A short detour into the land of the dead

I’m working on another game!

…Okay, so I know I just announced working on another large-ish project a little while ago, and since then I haven’t made any updates for it – so it might seem a bit weird to announce another game right now.

But there are reasons! First of all, I’ve been meaning to write more about Familiar, but I just haven’t quite been able to figure out how. In the earlier stages I don’t have as much that I feel comfortable showing, and I can’t seem to touch the subject of Familiar‘s design or narrative without beginning a full-length novel about it. As the game’s visuals slowly climb out of programmer-art territory I’ll be able to show more, and hopefully I’ll be able to formulate my thoughts on what makes the game interesting before then as well!

Secondly, I kinda need a small break from Familiar. It has been slower progress than I had hoped (what else is new), and the amounts of writing/scripting for a narrative game kind of wear down on one. Of course, any big project will have times that you just have to power through, but I also don’t want to burn myself out if I can help it. I had originally planned to always have one small, small project on the side to keep some variety in my gamedev – I just shelved that idea and had been focusing on Familiar until now.

So, what’s this new game? Well, er, it’s a 2D game where you…walk around and talk to ghosts. So, no, it’s not really fresh new territory for me. It has been pointed out to me how ghosts tend to be a heavily recurring theme in my games, and the fact that it looks and controls similarly to previous games is not lost on me. (I will say that this was not originally going to have any ghosts in it at all and would feature a totally different setting, but there’s a longer story behind that…)

But it’s much more of a puzzle-y, exploration focused game than anything else. The dialogue will be very sparse in this case, and you aren’t going to be doing nearly as much talking with ghosts as you will moving them around. As you can see in the above GIF, the player can pick up and drop any of the spirits in the game, and it’s that basic function that the game will revolve around. While some of the spirits you encounter will be there to feed little crumbs of information on the story, or give you vague hints, many of them will have crucial abilities you’ll need to progress.

The two major ones that I can talk about are checkpoints and waypoints.

In this case we can see a giant eye that the player can activate to set a check-point, which will determine where the player respawns when they run into a hazard (as I do several times in this case). These aren’t by any means a new thing for games – the only noteworthy point is that they adhere to all of the same rules as the other spirits you’ll run across. They can have dialogue, although in this case they don’t, and they can be picked up and moved around. This means that if you’re able to pick them up, you’ll be able to freely decide your respawn point!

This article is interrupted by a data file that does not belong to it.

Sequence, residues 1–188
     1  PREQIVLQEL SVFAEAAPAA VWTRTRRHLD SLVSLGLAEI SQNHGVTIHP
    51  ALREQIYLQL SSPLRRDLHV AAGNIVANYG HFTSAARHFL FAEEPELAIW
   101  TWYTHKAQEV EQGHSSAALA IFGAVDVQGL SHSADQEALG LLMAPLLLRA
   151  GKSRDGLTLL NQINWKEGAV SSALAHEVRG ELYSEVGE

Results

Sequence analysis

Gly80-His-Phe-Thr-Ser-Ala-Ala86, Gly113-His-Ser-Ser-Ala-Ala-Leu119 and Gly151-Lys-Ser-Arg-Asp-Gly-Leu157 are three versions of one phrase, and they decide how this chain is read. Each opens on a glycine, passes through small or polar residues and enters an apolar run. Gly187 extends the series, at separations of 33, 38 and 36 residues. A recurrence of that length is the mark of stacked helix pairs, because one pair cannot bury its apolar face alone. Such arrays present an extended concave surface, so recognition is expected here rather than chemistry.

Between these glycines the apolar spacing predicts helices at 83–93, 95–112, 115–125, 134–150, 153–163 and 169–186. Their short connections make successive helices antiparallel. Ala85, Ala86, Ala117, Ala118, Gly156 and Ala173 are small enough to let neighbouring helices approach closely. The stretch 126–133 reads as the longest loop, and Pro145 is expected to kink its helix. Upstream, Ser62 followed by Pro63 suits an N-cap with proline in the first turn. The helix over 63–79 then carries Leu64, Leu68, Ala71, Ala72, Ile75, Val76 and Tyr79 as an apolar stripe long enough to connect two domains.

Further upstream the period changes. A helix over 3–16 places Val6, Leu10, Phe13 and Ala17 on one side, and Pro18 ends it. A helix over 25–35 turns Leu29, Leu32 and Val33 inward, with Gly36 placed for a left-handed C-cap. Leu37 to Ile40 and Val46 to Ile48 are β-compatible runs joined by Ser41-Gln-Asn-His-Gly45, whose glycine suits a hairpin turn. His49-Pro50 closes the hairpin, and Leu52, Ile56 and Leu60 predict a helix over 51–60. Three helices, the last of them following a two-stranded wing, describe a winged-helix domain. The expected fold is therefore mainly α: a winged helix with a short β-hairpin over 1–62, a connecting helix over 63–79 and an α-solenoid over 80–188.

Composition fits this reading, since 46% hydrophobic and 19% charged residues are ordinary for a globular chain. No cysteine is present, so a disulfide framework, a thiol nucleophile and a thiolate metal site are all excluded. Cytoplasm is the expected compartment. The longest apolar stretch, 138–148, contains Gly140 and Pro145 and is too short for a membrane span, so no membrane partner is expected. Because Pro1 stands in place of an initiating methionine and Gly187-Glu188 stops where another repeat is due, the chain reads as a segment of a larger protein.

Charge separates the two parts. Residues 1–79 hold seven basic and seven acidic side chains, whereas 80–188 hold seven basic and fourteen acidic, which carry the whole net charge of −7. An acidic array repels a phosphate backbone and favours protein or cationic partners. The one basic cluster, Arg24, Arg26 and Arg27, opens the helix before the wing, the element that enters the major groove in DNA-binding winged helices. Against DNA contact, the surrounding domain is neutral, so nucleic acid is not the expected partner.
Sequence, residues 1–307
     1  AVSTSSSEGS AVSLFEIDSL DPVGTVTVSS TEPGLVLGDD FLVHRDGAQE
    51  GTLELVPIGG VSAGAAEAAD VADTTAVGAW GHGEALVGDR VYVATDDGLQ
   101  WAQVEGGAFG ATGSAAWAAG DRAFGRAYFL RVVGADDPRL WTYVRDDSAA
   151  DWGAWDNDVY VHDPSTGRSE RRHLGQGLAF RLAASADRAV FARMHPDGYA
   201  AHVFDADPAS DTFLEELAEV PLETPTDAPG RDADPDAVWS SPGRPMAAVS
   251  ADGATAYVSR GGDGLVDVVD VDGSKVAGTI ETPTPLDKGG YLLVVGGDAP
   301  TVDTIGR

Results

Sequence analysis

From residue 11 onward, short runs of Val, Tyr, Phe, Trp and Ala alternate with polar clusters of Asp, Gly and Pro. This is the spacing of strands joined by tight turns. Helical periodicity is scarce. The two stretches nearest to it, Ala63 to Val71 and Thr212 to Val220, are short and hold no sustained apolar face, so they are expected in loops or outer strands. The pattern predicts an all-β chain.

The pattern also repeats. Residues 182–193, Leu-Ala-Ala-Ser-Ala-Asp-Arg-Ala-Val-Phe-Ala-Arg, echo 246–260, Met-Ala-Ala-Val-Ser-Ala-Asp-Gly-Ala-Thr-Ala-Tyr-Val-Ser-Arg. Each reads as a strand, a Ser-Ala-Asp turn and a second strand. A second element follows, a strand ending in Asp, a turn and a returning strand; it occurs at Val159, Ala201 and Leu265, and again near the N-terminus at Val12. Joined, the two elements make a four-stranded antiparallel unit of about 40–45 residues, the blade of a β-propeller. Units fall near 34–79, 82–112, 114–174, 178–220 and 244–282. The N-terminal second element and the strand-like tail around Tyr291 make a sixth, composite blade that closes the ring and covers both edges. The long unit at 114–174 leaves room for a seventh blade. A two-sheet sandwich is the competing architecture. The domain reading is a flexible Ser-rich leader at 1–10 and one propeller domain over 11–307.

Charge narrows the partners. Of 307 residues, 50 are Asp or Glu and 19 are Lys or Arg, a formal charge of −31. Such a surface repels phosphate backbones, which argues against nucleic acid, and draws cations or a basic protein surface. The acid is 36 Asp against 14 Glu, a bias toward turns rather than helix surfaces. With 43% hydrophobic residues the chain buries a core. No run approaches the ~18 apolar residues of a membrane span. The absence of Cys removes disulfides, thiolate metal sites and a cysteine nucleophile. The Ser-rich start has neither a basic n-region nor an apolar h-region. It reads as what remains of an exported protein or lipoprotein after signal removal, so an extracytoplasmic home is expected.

And here’s a demonstration of waypoints – these come in pairs, and let you warp between the two spirits by interacting with them. In this case, I’m just using them to solve a simple puzzle by grabbing other spirits from an otherwise unreachable area to block the path of some enemies – but they’re really far more important to the game than just puzzle solving.

As I mentioned, a big part of the game is going to be exploration – wandering around, learning about the game’s areas, gathering clues from spirits, and figuring out where you are and what’s really going on. All of that means navigating over a large area, and a lot of potential walking. Unless, of course, you have a network of waypoints that can teleport you to the farther corners of the game’s world!

What I want to do with this game, and part of why I’ve gone out of my way to implement these two objects first, is because I want to make an exploration game where the player is given more control over how exactly they explore. Rather than carefully design the map with puzzles that have just one solution, carefully setting checkpoints where I think they’ll be needed, giving the player handy short-cuts and fast-travel options…all of that will be on the player.

The player will have to decide if they want to leave a checkpoint at a difficult area if they need to traverse it again and want a spawnpoint nearby, or if they want to carry that checkpoint with them to use for wherever they’re going next. They’ll have to decide what would be the most useful locations to leave their waypoints, based on their understanding of the game’s layout and where they think they’ll have to go. And while these are probably the most fundamental abilities, there are many others that will be used in the game.

I’ve been enjoying the diversion working on this game, and progress has been pretty smooth so far – by now I’ve only been working on it for about a week. Although it’s actually a totally separate code-base from literally anything else I’ve shown in this blog, as it’s an HTML5 game written entirely in Javascript, it has benefited from a project I worked on a while ago (and may or may not return to and write about here?).

It may not be the most visually or conceptually groundbreaking thing for me, but I think it has some promise, and I’m really looking forward to sharing my progress. I might be jinxing things, but it looks geared to become the shortest dev-cycle I’ve had thus far (excluding game jams), which is pretty neat in itself!

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